In the relentless sound byte and laughable misrepresentation of facts proffered by ideologues intent upon diluting if not repealing the ACA, one consistent voice of reason and evidence mindfulness is that presented by the cogent and thoughtful reflections on the indicia of ACA implementation courtesy of ‘team Commonwealth Fund’ aka @CommonWealthFnd.
Published recently in the New England Journal of Medicine by the Commonwealth Fund‘s CEO and former National Coordinator for HealthIT David Blumenthal, MD (@DavidBluementhal) is one to consume, one provision at a time.
The full NEJM article is posted here.
The relevant discussion to readers of this blog specific to ACOs is pasted below:
Accountable Care Organizations
The ACA encourages health care providers to form new organizational arrangements called accountable care organizations (ACOs) that are intended to promote integration and coordination of ambulatory, inpatient, and post–acute care services and to take responsibility for the cost and quality of care for a defined population of Medicare beneficiaries. Under the Medicare Shared Savings Program (MSSP) of the ACA, providers who create such organizations and who also maintain or improve the quality of care can share part of any savings they achieve.
Providers can also elect to become so-called Pioneer ACOs, which not only share savings but also accept substantial risk if expenses for Medicare patients are greater than expected. Recently, CMS announced still other variations on the ACO theme, including arrangements in which ACOs function very much like Medicare Advantage plans.17 Indeed, many observers see ACOs as a bridge from fragmented fee-for-service care to integrated, coordinated delivery systems that resemble the tightly organized Medicare Advantage plans.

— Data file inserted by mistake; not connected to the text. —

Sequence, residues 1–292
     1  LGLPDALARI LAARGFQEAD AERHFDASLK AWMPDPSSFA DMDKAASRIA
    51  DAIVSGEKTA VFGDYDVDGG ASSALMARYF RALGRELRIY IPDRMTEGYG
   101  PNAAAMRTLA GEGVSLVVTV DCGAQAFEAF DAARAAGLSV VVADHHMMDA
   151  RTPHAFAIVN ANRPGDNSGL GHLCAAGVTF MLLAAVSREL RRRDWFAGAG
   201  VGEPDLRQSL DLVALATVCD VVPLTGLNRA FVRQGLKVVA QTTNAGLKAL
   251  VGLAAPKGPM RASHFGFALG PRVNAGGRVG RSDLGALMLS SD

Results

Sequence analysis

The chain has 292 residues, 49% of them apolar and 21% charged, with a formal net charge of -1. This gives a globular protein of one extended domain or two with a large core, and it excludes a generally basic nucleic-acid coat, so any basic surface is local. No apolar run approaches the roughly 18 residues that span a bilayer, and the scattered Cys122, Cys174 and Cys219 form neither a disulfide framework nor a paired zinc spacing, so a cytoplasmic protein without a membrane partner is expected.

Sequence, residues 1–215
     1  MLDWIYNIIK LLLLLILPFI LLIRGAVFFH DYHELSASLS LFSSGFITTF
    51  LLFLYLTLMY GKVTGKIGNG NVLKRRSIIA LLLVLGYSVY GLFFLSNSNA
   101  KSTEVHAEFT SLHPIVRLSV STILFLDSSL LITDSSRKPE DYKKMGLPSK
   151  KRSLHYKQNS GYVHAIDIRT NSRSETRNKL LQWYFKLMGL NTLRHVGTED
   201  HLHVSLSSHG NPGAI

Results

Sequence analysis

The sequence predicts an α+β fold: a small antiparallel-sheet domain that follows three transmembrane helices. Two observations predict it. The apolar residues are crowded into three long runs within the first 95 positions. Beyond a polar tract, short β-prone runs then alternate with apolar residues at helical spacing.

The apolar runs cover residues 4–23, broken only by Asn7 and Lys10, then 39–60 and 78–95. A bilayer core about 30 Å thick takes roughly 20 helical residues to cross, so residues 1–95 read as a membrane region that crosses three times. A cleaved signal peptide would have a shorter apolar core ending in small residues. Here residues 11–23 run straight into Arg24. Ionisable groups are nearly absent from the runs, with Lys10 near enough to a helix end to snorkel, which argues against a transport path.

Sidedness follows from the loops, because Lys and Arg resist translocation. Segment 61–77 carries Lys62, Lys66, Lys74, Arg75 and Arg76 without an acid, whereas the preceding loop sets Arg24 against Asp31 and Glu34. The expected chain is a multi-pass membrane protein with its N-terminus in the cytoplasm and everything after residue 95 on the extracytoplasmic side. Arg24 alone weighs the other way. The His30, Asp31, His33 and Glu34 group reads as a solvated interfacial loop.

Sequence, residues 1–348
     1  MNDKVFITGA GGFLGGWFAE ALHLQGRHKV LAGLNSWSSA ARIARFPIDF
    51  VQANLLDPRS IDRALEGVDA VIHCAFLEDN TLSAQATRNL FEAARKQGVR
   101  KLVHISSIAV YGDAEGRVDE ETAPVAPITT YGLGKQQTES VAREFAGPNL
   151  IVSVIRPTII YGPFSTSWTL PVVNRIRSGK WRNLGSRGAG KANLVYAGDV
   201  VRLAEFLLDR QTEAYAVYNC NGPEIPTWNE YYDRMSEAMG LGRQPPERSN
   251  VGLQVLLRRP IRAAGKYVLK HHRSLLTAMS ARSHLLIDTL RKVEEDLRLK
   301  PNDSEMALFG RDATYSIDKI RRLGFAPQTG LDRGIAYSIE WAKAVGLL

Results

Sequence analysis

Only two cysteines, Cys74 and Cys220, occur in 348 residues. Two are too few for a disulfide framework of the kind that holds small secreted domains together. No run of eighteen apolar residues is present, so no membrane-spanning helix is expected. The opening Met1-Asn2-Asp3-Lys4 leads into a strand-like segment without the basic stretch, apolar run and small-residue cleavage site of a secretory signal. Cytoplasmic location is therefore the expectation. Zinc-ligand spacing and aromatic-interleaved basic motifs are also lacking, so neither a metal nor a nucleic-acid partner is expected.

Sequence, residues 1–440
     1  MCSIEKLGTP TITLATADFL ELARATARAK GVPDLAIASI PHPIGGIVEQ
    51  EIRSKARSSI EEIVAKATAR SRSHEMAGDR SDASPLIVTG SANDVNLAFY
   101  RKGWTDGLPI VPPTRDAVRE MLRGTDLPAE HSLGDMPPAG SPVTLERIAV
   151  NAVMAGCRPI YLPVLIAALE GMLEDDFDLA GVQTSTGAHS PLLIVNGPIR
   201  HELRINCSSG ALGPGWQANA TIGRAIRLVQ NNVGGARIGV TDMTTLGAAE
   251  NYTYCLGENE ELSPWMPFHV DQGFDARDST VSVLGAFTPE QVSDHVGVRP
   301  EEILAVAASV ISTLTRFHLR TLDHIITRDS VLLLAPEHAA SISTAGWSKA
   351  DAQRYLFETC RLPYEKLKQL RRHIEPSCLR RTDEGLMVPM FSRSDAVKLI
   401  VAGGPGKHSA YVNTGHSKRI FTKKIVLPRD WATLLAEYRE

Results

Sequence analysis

The two existing varieties of ACOs have spread with considerable speed. The MSSP has 405 participating ACOs serving 7.2 million Medicare beneficiaries (14% of the Medicare population).18 Quality measures have generally improved for the 33 indicators tracked by MSSP, and patients report better care experiences in some respects than Medicare beneficiaries who are not part of ACOs.19 CMS estimates the savings at approximately $700 million, as compared with control populations not enrolled in MSSP. A total of 32 organizations started in the Pioneer program; 11 transitioned to the MSSP track, and 2 withdrew entirely. The secretary of health and human services reports that the Pioneer program saved $385 million in the first 2 years, as compared with fee-for-service Medicare beneficiaries.20 These cost and quality results are early and modest, and further evaluation is needed before definitive judgments can be made.
A most useful and interesting Appendix re-capping and categorizing the many moving parts of the ACA enabling payment and health system delivery reform is available here.
Big h/t to Blumenthal et al for this fact based and honest reflection of measuring the impact of the ACA five years out.